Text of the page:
When she gazes up at sunlight as it filters through foliage, Shenyue Jia sees cool possibilities for underrepresented communities that sometimes have been left out of planning to mitigate the expanding heat effects of climate change.
Jia, a post-doctoral researcher in Chapman University’s Center of Excellence in Earth Systems Modeling and Observations, has worked with community partners to develop an interactive map viewer, showing the existing and potential tree canopy for Los Angeles County.
The digital tool was launched in 2020 and has since been used extensively by the Los Angeles Urban Forestry Division to identify priority areas where the planting of trees can contribute to climate resilience, environmental equity and the improvement of public health.
We asked Jia, Ph.D., about her contributions to the urban greening project.
How Did You Get Involved in the Tree Canopy Effort?
My first involvement in community science came in 2015. A project funded by the L.A. Municipal Water District evaluated the effectiveness of a rebate program to incentivize residents to replace lawns with drought-resistant alternatives. Then in 2020, I became co-principal investigator collaborating with TreePeople, an L.A.-based NGO, to develop the interactive map viewer showing the tree canopy coverage. So far, the tool has led to new trees being planted in previously industrial areas, mitigating the effects of urban heat islands.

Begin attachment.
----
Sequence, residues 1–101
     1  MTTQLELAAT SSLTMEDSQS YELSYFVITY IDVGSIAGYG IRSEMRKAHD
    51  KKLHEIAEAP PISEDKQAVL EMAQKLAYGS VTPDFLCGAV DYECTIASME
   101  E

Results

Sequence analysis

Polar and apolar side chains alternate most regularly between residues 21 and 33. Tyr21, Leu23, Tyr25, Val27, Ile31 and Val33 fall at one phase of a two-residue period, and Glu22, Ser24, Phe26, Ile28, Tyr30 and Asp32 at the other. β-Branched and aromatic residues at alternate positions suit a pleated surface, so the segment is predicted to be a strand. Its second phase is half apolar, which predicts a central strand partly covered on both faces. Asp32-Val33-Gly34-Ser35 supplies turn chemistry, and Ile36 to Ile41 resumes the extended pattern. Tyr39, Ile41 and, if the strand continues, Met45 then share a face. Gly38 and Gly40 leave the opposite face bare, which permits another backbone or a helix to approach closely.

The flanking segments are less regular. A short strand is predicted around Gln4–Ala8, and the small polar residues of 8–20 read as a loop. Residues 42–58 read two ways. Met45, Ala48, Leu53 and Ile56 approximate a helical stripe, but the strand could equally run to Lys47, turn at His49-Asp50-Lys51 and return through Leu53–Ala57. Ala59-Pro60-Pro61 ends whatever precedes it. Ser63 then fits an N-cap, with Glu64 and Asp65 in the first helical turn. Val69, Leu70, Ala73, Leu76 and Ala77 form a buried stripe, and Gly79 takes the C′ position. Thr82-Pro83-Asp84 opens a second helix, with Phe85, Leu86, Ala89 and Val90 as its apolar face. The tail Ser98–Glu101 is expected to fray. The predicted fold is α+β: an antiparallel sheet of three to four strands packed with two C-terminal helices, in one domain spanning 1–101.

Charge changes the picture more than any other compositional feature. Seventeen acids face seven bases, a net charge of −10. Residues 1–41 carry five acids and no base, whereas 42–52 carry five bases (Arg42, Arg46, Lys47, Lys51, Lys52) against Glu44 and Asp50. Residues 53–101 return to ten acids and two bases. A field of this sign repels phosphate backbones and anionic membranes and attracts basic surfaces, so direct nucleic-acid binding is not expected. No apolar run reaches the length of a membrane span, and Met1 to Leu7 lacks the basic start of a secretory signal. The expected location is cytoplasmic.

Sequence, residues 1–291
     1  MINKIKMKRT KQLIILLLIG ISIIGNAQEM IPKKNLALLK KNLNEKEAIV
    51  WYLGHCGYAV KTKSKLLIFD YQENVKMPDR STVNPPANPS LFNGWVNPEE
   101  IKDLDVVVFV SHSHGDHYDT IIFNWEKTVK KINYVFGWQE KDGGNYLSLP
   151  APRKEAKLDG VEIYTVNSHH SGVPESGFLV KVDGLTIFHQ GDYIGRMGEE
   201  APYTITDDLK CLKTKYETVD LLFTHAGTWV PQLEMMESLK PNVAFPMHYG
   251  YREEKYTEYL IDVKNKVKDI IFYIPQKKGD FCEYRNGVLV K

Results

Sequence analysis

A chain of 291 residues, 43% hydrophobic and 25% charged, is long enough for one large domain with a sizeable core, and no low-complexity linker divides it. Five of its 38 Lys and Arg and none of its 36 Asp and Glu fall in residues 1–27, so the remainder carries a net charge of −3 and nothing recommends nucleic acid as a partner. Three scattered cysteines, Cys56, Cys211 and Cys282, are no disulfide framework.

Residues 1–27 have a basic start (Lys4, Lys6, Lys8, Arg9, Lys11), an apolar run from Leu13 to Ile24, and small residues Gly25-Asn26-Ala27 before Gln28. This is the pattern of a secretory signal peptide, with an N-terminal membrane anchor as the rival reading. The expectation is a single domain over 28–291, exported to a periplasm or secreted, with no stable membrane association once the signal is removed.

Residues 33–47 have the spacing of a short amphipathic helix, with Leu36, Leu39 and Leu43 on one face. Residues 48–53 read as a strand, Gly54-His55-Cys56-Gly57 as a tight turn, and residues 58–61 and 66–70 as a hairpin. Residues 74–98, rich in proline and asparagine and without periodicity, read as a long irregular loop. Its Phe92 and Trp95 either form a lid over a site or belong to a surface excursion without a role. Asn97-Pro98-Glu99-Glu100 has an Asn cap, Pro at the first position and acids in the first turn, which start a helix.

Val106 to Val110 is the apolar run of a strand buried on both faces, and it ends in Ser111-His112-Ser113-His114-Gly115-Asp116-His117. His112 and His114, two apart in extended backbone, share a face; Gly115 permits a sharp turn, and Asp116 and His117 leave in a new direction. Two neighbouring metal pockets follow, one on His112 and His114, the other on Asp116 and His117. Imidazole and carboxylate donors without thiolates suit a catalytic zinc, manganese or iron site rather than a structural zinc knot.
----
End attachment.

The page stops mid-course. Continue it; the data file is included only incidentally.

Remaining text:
What are Urban Heat Islands?
These are areas that experience higher surface temperatures because infrastructure like asphalt and buildings absorb and re-emit the sun’s heat more than natural landscapes do. These are often low-income areas, close to freeways, which also means they have poor air quality. To alleviate these effects with urban greening, we first have to identify areas of greatest need. That’s where the tree canopy map becomes an especially useful tool.
What Expertise Did You Bring to the Tree Canopy Project?
As a remote sensing specialist, I work at the convergence of ecology and geographical information systems (GIS). For this project, we processed information such as state-of-the-art satellite images and air-quality data, but that’s only the first part. It’s condescending to only use technology to decide where to plant trees. So partners like TreePeople and the Center for Urban Resilience at Loyola Marymount University helped increase community involvement. In each city, there was a “tree summit” and a survey
so residents could help with decision-making. Should we plant near senior centers? At bus stops? Everyone wanted to take those local voices seriously and involve them in the model.
Are You Able to Evaluate the Project’s Impact So Far?
It’s hard to measure because the first plantings are only two years old, so the trees will need time to produce more shade. But we’re encouraged by the progress.
The work is ongoing in five cities, and there are new efforts underway. We secured funding from Edison International to add more functionality to the map viewer tool, and we have a proposal out to Cal Fire to expand the project into Ventura County.
What Are the Personal Rewards of Contributing to a Community Science Effort Like This?
I’m thrilled to see the application penetrate all the levels and reach communities that might otherwise have been left
behind, and I’m eager to find more opportunities to join in community projects. It’s a great way to build bridges that solve important problems and make people’s lives better.